So it must not be working for everybody. Yeah. And, and I just, I was determined, especially when I got on the path to teachers college and, and my sort of first view teaching posts, I was determined to be the teacher that took the chance. Mm. Right. The teacher that, that said, okay, this box, doesn’t, it doesn’t have to be a box. We can push this. We can push against the constraints that the education field is, is throwing at us. You know, I think we’ve all got one or two teachers in our history that we remember. And if we’re lucky, one of the, one of the ones we remember is because they, they made a difference. Right. They, they pushed us in a really fantastic way. My brother doesn’t have that, you know, like he doesn’t have a teacher like that. And, and I do, I’ve got a couple like that. I’ve got teachers that took the time. And so that’s how I approach my own teaching. And, and it’s certainly when I look back at, you know, how did I get into this? Those are, those are the reasons that come up for me, for sure.


Sam Demma (06:04):
Yeah. That’s awesome. My teacher was Mike Lafa who changed my life, inspired me to go into the community and take his theory of small actions and put it to the test and totally change my life. And fact, I still stay in touch with him, him today. And he was a very principled man very alike, my own grandfather who taught me that if there’s a will, there’s a way. And you know, you are a perfect example of that. You were just telling me how as school was reopening. You made the decision, you know, I’m gonna fill a need here and make this work. And you were teaching at late hours. Can you share a little more about the English tutor and how it actually got formed and what it is today?


Julie Champagne (06:43):
Sure. Yeah. So my co-founder Sam when the school systems shut down all over the world, I mean, just absolutely wild. We started teaching these guided reading English courses to students in China. Mm. So we would be up at just ungodly hours, you know, five, six in the morning. And then again at eight o’clock or nine o’clock at night teaching these kids English and in a way it was, it was just so amazing and so wonderful to be doing this, but then we thought, how do we take this further? How do we really make this meaningful for the kids? So it’s not just a, it’s not just a bandaid for COVID, but legitimately something that they’re gonna get out of it. And we decided why not just read them books that are in their age level. Right. And, and not necessarily comprehension wise, you know, like they’re gonna struggle a little bit with a Royal doll text, but let’s break it down for them.


Julie Champagne (07:43):
Let’s create these beautiful resources that lead them through reading these books with us. Mm. You know, and so we’ve done all kinds. We’ve done Royal doll, we’ve done Charlotte’s web. Sam’s working her way through Harry Potter right now with her kids done nonfiction units and poetry units. I’m doing a nonfiction course at the moment with kids in Shanghai. Nice. so it’s been really, really incredible. And it’s been such an amazing thing for Sam and I to witness the equalizer that is a child. Mm. Right. All kids, it doesn’t matter. Culture, language, kids are kids. And, and they find the same things funny, and they they’re challenged by the same things. And so reaching a whole new set of kids has been super, super amazing and definitely a silver lining to COVID because it led us to form our, our business. And then when the school shut down here in, in Ontario, you know, we, we had, I think something like 200 hours worth of content worth of teaching content.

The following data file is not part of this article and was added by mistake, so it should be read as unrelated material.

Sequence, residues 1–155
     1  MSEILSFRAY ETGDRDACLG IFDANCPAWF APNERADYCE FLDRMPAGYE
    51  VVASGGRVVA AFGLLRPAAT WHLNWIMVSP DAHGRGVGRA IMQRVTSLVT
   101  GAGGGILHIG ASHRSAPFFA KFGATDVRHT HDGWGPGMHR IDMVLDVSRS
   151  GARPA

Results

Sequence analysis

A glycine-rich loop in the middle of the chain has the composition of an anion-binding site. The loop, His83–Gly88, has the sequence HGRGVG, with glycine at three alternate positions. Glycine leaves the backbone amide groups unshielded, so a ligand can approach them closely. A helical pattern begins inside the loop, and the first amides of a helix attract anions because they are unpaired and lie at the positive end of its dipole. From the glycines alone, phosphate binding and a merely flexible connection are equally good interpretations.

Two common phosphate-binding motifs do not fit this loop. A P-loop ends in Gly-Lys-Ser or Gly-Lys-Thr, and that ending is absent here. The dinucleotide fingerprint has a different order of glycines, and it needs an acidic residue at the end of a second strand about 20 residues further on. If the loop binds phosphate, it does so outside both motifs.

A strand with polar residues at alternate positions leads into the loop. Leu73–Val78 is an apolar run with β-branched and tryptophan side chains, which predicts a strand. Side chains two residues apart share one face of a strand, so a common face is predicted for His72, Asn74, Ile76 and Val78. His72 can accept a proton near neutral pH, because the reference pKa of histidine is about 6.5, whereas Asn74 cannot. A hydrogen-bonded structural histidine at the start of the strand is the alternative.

Julie Champagne (08:52):
And I happened to I happened to teach one of my grade 11 students. His mom is the CEO of the big brothers, big sisters organization in Toronto. Oh, cool. And so I reached out to her and I said, listen, like we have, we have all these teaching resources, we’ve got hours and hours of programming. We’d love to volunteer for your littles virtually. Mm. And so they created this amazing partnership with Rogers where Rogers dropped off all these devices to these kids. Holy and so since April Sam and I, five days a week have been doing these courses with the big brothers, big sister students ha. And it’s awesome again, like what an equalizer, right? Like kids are, the equalizer happens in China in the morning, happens again at 4:00 PM with kids in Toronto. You know, they’re laughing at the same joke from Willy Wonka, which is so cool.


Sam Demma (09:44):
That’s so awesome. And I just want to shed light on it because whether it’s facing a challenge with, you know, engaging students online or facing a challenge with hybrid learning where you have to go in class or room and back online, if there’s a will, there’s a way, and I just wanted you to showcase that story because I think it’s a great example. You know, you really pivoted and you’re teaching kids not only virtually, but across the freaking world. Like that is so cool. And I’m glad you, you got a chance to share it. I’m curious to know someone recently described education to me as the own spaghetti on the wall calculatedly and seeing what sticks is there any mistakes you’ve personally made or great successes you’ve had that you think are worth sharing with other educators who might be listening?